There will be years when some celebrations are smaller than others. Some years I have had big parties and days out. This year, my second as a mum to a now one year old, I am happy with a lie in, a rendition of happy birthday from said one year old, and a day spent with my family doing things that my son will enjoy as much as me. I take as much pleasure from seeing him happy, as I do from doing activities that would have got me excited in previous years. 

Overall I use this day to love and appreciate myself and all I have. And to openly, willingly and thankfully accept love and appreciation from those around me. Age is just a number and as long as you have or are working towards achieving the things you would have expected to by this age, then I think you should enjoy this day for what it is. A celebration of you. 

Love and hugs to you all. Mmmmmmwah X 

Sumo nappy to the rescue

 To say my first year as a mum was a whirlwind is like saying a hurricane is a bit breezy. It was a year that changed our lives! I’m under no illusions that this is not something unique that we experienced and I know many couples experience worse but I like to share my own honest story as I know when it comes to talking about a lot of things in life, we all like to play the hero in our recollection of what happened and a lot of sugar coating goes on. I’m still not sure why people do this, but as a self confessed sugar addict I can’t be wasting that shit on my stories. I tell it exactly like it is. Whether you want to hear about it or not. 

We won’t talk about my pregnancy! That’s a story in its own right. We’ll begin at that rather fantastic, blurry life changing day my waters broke. There was no expected pop, no warning in fact.  Having been virtually housebound for the previous six days, due to discomfort, by that evening I was scratching at the walls to get out of the house for five minutes. Having been assured by the staff at my local supermarket that if your waters break instore that you will be congratulated with a gift voucher or a years supply of nappies, I thought this was a great place to venture out to in an effort to remain sane and get me out of the confines of our house. Somewhere I’d been too uncomfortable, and being 6 days overdue, partially too scared to leave. 

So I waddle out to the porch and bend down to get my shoes and suddenly I realise water is just gushing out between my legs. I shout for my hubbie to get a bowl that I can stand over, but my first thought was to just get to a toilet. Having only an upstairs bathroom, my first thought was “oh no we’ve just had a brand new stair carpet laid”. I asked hubbie to grab me a towel could roll into a sumo style super nappy to allow me to get up the stairs to the loo and not damage the carpet. Priorities and all that! And as I sat down on the loo and dialled the midwife it annoyingly and rather disappointingly dawned on me that I was five minutes away from a years supply of nappies! 

Perspective

  
 So perspective is something we are all capable of but are often too busy to take on board. We live in a society today with so much opportunity. Most things are so available. I feel like a lot of us have lost the ability to not only appreciate what we have but to also put it into perspective. We moan about feeling cold and needing to crank the central heating up, without much thought for people who can’t afford their heating bills or who don’t have a roof over their head altogether. We complain about having to wait in line at the supermarket without fully appreciating how lucky we are to be able to buy food when there are people who have to work until they bleed to enable them to grow food and collect water all whilst they are weak from starvation. We don’t appreciate the time we have today to spend with those we love. With our faces glued to some form of technology. A generation growing without the ability to maintain eye contact. And before you know it those we love are gone and the moment with it too.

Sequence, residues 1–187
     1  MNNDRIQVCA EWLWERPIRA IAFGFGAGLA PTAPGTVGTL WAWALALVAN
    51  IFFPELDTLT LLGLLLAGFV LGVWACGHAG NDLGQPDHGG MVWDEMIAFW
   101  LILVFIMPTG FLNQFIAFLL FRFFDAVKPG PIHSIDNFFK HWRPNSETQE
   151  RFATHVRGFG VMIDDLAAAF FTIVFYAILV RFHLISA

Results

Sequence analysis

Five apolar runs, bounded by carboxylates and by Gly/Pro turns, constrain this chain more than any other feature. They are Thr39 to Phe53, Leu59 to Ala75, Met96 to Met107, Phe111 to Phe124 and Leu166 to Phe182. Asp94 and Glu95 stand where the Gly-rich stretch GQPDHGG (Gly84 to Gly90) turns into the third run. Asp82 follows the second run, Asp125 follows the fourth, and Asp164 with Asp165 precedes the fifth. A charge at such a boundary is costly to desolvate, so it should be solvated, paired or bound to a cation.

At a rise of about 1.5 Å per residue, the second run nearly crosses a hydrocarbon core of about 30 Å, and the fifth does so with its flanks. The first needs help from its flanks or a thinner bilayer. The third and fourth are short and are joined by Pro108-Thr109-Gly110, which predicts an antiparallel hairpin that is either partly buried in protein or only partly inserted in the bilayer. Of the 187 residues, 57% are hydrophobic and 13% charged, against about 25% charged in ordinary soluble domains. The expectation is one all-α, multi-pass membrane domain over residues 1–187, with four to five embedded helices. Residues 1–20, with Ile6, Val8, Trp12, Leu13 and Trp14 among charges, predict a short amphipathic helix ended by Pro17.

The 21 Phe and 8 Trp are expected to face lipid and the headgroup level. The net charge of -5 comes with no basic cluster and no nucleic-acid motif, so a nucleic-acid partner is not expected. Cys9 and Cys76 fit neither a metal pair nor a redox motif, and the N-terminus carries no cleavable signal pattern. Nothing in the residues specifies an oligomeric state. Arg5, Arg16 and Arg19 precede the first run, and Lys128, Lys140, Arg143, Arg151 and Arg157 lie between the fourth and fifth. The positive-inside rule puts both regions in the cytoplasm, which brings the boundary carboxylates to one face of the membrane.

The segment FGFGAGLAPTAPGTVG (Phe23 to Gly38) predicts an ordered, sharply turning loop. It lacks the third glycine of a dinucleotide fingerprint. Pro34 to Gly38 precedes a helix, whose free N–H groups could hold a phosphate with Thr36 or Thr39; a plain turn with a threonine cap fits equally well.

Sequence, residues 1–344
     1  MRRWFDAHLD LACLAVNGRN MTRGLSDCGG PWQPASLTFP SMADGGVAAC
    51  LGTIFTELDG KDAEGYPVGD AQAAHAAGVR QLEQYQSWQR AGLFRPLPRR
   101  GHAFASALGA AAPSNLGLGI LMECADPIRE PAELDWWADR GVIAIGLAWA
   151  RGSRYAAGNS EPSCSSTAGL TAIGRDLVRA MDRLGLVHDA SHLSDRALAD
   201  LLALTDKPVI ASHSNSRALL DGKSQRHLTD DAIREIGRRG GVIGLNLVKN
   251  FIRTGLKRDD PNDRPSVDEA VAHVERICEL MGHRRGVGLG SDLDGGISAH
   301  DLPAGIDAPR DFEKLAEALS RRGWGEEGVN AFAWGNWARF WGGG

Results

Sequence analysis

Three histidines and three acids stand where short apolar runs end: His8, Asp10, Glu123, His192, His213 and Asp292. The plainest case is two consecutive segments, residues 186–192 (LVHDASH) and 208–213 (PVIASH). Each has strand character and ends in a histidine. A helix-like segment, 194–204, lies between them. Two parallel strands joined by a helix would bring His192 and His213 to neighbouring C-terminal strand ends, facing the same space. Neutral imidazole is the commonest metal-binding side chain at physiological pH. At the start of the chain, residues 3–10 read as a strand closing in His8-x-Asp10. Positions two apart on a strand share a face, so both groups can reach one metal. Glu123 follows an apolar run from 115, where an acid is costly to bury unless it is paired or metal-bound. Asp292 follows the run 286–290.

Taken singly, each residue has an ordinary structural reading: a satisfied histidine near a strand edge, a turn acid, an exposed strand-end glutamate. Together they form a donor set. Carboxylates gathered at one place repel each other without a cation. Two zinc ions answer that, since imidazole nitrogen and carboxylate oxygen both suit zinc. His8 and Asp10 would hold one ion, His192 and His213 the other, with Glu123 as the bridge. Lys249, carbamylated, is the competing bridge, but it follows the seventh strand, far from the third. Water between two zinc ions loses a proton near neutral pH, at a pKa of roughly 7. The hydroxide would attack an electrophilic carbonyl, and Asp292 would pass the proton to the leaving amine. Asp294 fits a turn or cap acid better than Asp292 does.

So I suppose the point I am trying to convey is that no matter how hard or how awful you think your situation is, take a step back and shine the big ol’ torch of perspective on it. It won’t make your problems and worries go away. But it should give you a sense of gratitude and in doing so your problem should disappear into significance and transform into a realisation of how fortunate you truly are. 

And with that realisation, you can really start to live. You don’t have to go mad and start doing skydives and swimming with sharks. You just need to start fulfilling the ideas and dreams on your own list of life’s expectations. No matter how small or silly you think they mean to others. If it matters to you then it’s worth doing. One of the biggest and most pointless and damaging of human emotions is regret. To live with regret is such a wasteful use of your time and although some circumstances are out of our control, it mustn’t stop you from trying to live out that wish list to your utmost of capabilities. Live for the moment, not everything needs to be captured on film, take a mental picture and enjoy what is happening all around you. Overall show your love for those you care about. Life is short no matter what age you leave this earth. Appreciate it, put it into perspective. We are just a dot on the universe. Some arguments and problems really aren’t that big of a deal in comparison. 

Much love. 

Life through the overactive imagination of one ordinary lady turned mama.